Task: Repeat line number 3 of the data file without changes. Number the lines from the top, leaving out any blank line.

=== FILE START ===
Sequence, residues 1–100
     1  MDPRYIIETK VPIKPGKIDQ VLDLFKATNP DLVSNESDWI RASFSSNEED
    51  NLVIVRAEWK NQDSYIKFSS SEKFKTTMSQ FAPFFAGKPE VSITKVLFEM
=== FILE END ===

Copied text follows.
    51  NLVIVRAEWK NQDSYIKFSS SEKFKTTMSQ FAPFFAGKPE VSITKVLFEM